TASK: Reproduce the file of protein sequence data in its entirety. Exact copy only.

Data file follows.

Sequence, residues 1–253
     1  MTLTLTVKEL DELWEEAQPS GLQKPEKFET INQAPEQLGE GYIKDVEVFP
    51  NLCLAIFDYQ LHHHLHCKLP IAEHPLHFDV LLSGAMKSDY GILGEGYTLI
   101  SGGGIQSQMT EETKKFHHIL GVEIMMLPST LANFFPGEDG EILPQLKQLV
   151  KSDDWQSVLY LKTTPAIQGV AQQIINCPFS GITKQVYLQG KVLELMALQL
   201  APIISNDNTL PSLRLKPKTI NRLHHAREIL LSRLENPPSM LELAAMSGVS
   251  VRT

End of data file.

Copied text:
Sequence, residues 1–253
     1  MTLTLTVKEL DELWEEAQPS GLQKPEKFET INQAPEQLGE GYIKDVEVFP
    51  NLCLAIFDYQ LHHHLHCKLP IAEHPLHFDV LLSGAMKSDY GILGEGYTLI
   101  SGGGIQSQMT EETKKFHHIL GVEIMMLPST LANFFPGEDG EILPQLKQLV
   151  KSDDWQSVLY LKTTPAIQGV AQQIINCPFS GITKQVYLQG KVLELMALQL
   201  APIISNDNTL PSLRLKPKTI NRLHHAREIL LSRLENPPSM LELAAMSGVS
   251  VRT